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(Bloomberg) -- After a year in which it was battered for its handling of the Ebola outbreak, the World Health Organization is facing another rising threat: the Swiss franc.
Switzerland’s currency has gained 12 percent against the euro this year, increasing salary costs for a United Nations agency that employs almost 1,900 people at its Geneva headquarters. The WHO is revising a proposed budget of more than $4 billion in total for 2016 and 2017 and its executive board discussed an increase to adjust for the strength of the franc at a meeting last month, according to Sarah Russell, a spokeswoman. No consensus was reached, she said by e-mail.
The rising costs are complicating the WHO’s efforts to convince donors that the agency represents value for their money. The side effects of the surge in the franc, which has prompted profit warnings and job cuts at Swiss banks and manufacturers, is also rippling out through Geneva’s cluster of UN agencies and aid organizations. If the franc trades too closely to parity with the euro, there’s a risk for an exodus of jobs, said Yves Flueckiger, the vice rector of the University of Geneva and a professor of economics.
“It will indeed create an incentive for international organizations and NGOs to remove part of their activities to other places,” he said by e-mail. That would “reduce the level of employment in Geneva quite strongly.”
The WHO’s estimates for its next two-year budget range from $4.17 billion to as much as $4.38 billion, including a special adjustment for salaries, according to a Jan. 16 document. The WHO doesn’t expect to go beyond the higher amount, Russell said.
The Swiss National Bank abruptly ended the cap on the exchange rate with the euro on Jan. 15, leading the franc to reach its strongest level since the common currency’s 1999 debut. The WHO receives contributions denominated in francs of 220 million francs ($236 million) a year and has expenses of 400 million francs in that currency, exposing it to an exchange rate risk for about 180 million francs, Russell said.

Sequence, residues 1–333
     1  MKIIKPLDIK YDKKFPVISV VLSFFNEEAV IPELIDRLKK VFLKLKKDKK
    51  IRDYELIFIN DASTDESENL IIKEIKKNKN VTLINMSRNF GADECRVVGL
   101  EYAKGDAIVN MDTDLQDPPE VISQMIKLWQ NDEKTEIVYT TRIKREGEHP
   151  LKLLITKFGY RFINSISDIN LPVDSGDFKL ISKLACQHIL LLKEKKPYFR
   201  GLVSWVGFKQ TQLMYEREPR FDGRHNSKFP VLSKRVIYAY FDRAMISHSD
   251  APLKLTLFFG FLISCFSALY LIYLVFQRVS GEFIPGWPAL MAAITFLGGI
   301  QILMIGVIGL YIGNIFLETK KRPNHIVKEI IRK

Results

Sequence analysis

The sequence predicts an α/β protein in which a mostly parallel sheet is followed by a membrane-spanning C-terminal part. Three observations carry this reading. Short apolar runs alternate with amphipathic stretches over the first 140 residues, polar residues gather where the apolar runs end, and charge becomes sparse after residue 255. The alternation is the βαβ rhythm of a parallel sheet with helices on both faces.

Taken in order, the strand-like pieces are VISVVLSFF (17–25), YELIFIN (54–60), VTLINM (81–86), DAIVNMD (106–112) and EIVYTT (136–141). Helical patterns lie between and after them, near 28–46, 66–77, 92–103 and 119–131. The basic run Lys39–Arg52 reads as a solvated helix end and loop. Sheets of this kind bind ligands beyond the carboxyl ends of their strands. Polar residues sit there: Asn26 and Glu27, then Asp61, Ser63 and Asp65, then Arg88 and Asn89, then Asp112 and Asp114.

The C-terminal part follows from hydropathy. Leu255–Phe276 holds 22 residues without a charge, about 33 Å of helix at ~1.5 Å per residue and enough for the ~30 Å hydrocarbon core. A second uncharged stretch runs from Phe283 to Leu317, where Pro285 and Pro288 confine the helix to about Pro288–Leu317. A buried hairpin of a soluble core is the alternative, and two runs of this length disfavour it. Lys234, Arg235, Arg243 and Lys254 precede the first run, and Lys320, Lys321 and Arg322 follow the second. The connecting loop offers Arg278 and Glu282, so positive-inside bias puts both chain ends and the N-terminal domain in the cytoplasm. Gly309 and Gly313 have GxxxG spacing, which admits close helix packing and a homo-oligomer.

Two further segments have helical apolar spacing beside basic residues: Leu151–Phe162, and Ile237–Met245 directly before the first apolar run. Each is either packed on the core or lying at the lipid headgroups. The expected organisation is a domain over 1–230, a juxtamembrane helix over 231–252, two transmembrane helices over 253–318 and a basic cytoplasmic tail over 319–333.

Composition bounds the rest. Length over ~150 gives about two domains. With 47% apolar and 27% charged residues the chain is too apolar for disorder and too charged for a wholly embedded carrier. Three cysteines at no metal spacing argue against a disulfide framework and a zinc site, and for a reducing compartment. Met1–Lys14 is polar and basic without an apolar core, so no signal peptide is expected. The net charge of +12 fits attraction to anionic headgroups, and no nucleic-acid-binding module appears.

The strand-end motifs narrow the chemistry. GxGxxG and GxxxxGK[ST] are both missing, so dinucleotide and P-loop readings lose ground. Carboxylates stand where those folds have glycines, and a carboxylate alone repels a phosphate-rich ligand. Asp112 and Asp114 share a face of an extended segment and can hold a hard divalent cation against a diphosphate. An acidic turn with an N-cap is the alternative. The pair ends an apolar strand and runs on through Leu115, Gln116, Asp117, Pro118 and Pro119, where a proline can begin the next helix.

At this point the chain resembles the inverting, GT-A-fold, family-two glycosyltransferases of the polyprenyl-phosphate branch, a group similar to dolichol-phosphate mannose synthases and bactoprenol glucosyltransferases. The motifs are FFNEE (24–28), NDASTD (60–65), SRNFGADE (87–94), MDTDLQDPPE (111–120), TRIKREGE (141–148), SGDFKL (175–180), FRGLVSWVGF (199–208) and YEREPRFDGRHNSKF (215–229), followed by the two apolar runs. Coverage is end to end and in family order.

Last year, the WHO started charging member nations half their annual fees in francs instead of dollars to reduce the currency risk. A decline in the U.S. dollar against the franc between 2000 and 2011 reduced the WHO’s purchasing power for payroll costs by 34 percent, according to a 2012 report.
The agency has been cutting jobs and has moved about 100 positions to Malaysia. The WHO’s board also adopted a set of reform proposals last month after the criticism on its Ebola response.
The agency plans to complete the budget review by April so the financing can be approved in May, the spokeswoman said. The WHO has more employees in Geneva than any UN body besides the United Nations secretariat. As of July 2014, 1,888 WHO employees were based at its headquarters, about a quarter of the total.
The franc has given up some of its gains against the euro since rising beyond parity last month, a development that may save the city from losing too many jobs, the University of Geneva’s Flueckiger said.
Some international organizations based there are already seeking ways to cut costs. Unicef, the UN agency that works on children’s rights, said last week it will cut costs by setting up a services center in Budapest employing about 200 people.
Still, others aren’t as worried. The Global Fund to Fight AIDS, Tuberculosis and Malaria, which spends about $4 billion a year fighting the world’s three biggest infectious killers, said all its funds are raised and disbursed in U.S. dollars, and less than 10 percent of its costs are in francs.
GAVI, which last month raised $7.5 billion to fund vaccinations in developing countries, said about 3 percent of its costs are in francs. Because of hedging measures, the SNB’s action “will not have any significant impact” on its finances, Rob Kelly, a spokesman, said by e-mail.
The International Committee of the Red Cross receives most of its income in foreign currencies, but has its budget in francs. The organization appealed for an additional 132 million francs in October to cover its 2014 budget of 1.3 billion francs as it faces increased costs associated with humanitarian responses in South Sudan, Ukraine and Syria.
It’s too early to measure how the organization’s funding will be affected, Alexis Heeb, a spokesman, said by e-mail.
“We will of course be affected in some way but are remaining calm and are waiting for the dust to settle,” he said.
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